From looking at the price of gold, which is nearly flatlining the supply versus demand dynamic is coming from the bigger players rather than the small individual investors. There have been two-way trades between sovereign funds and countries. India bought 9.3 tonnes, taking its total holdings up to 37.6 tonnes and bumping its assets under management (AUM) to $2.4bln. In comparison to the USA, India is still relatively small. The US AUM amounts to $100.9bln. The depressing factor was mainly global net flows, which came in at -4.0% after inflows were driven by India and Asia were up 17%. While outflows driven by the USA came to -21%. The supply within the ETFs mainly came from North American funds however central banks sold a net 22t of gold late last year. This marks the first monthly decline since January 2021, when central banks collectively sold a net 11t.

That said the individual investor appetite is higher as can be seen in the sales of gold coins over the course of 2021. American Eagle gold coin sales totaled 42,000oz in December, 15% lower y-o-y. This took full-year 2021 sales to 1,252,500oz, the highest annual total since 2009 (1,435,000oz).

When investing in precious metals miners it is always best to try and bake in some insurance by investing in companies operating within jurisdictions that are friendly towards miners, and have a good rule of law and laws conducive to mining. Stable governments are generally a key aspect of these jurisdictions, especially the democratically elected ones.

In Africa, the Economic Community of West African States (ECOWAS) covers a lot of critical rare earth materials and precious metals mining ventures. Yesterday Reuters ran a piece on the military-led government in Mali and how ECOWAS had imposed sanctions on Mali following a delay in sorting out the politics. ECOWAS insisted that Mali hold elections in February. But the government then said it would only set an election date after holding a nationwide conference – arguing a peaceful vote was more important than speed. One mining company potentially caught up with this is Barrick Gold. They own Mali’s largest gold mine complex Loulo-Gounkoto but released a statement saying its mines had sufficient stocks and stores to continue operating normally, adding however that the situation was "very fluid" and it was monitoring it closely.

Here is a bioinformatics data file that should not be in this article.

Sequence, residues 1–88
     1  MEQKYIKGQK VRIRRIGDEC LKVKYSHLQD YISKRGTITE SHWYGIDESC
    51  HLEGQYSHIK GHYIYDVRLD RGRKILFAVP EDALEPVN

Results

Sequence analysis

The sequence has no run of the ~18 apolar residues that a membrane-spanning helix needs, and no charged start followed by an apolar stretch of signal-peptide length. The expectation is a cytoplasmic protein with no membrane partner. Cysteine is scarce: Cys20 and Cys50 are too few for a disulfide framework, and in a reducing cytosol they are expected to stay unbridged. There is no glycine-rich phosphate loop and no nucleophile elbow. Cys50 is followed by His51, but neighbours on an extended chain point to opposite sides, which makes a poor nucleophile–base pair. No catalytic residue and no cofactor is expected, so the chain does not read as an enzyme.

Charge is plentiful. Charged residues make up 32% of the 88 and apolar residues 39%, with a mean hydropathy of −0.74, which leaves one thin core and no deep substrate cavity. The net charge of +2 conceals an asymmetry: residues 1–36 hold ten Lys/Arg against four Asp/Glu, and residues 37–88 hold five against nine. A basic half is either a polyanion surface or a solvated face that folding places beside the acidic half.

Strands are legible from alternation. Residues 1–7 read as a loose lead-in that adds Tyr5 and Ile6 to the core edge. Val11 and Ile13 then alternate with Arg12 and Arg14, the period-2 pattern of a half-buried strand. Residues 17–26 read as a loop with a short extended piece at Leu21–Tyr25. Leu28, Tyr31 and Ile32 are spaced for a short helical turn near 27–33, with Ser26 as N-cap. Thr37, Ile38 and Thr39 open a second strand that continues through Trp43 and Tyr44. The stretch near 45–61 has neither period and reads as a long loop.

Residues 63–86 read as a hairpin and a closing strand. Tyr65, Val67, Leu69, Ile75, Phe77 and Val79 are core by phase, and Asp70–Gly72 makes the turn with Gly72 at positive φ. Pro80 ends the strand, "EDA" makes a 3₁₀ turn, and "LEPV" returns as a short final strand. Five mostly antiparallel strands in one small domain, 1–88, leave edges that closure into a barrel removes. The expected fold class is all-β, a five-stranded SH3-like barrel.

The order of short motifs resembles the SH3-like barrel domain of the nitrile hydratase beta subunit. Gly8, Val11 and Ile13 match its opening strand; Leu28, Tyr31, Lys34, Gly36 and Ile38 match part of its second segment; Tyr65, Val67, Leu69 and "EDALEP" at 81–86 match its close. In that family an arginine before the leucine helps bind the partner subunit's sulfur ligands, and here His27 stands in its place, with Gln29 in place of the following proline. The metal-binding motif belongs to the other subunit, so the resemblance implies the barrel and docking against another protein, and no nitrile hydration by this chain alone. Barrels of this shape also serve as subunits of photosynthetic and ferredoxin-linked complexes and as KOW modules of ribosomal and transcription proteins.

The Barrick Gold Corp. has been in a downtrend since the 2020 highs and will need to get back above $25.00 before the market structure signals a significant resistance level has been broken.

Gold is doing a really good job at holding above the $1763/oz and monthly 20-period EMA. In fact, the price of gold on the monthly chart hasn’t been closed below the 20-period EMA since late 2018. If the price stays above the $1685 swing low of July 2021 there is a real chance that the momentum will slowly keep nudging this asset higher.

Having a bullish long-term bias and a tight range on the intraday time frames, we can use this to our advantage by buying the dips and selling the rallies. A mean reversion technique would be to simply buy when an oscillator like the RSI signaled an oversold condition and then sell when the same indicator was signaling an overbought condition. By keeping with the monthly bias, buying should keep the drawdown to a minimum, and taking profits on the rally should be a way to accumulate wins under these conditions. Just keep an eye out for reasons to switch from mean-reversion trading to following a trend.